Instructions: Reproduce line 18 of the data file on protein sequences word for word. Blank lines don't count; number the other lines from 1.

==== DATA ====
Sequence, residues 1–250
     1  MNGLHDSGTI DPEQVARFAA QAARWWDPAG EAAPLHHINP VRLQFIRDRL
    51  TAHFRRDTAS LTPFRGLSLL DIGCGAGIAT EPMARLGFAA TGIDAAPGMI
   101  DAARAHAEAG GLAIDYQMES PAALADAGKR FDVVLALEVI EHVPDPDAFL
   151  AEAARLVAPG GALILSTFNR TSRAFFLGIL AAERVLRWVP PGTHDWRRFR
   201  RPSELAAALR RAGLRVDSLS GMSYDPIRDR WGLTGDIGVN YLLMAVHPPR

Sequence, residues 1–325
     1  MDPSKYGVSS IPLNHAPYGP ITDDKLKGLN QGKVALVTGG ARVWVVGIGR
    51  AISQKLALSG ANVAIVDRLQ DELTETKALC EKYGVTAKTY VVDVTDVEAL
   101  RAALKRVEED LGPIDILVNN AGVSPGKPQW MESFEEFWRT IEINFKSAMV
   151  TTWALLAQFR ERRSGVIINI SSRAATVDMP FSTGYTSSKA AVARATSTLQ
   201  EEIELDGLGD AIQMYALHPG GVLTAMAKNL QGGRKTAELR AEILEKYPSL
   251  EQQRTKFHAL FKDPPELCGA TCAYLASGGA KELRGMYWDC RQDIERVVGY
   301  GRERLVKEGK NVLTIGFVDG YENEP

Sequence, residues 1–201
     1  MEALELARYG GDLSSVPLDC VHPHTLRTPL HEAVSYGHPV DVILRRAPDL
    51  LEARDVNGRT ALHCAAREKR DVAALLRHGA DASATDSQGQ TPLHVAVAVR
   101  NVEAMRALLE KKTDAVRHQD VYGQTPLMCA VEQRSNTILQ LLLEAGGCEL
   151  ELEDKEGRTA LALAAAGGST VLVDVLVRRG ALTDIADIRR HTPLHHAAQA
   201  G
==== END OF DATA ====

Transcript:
   101  NVEAMRALLE KKTDAVRHQD VYGQTPLMCA VEQRSNTILQ LLLEAGGCEL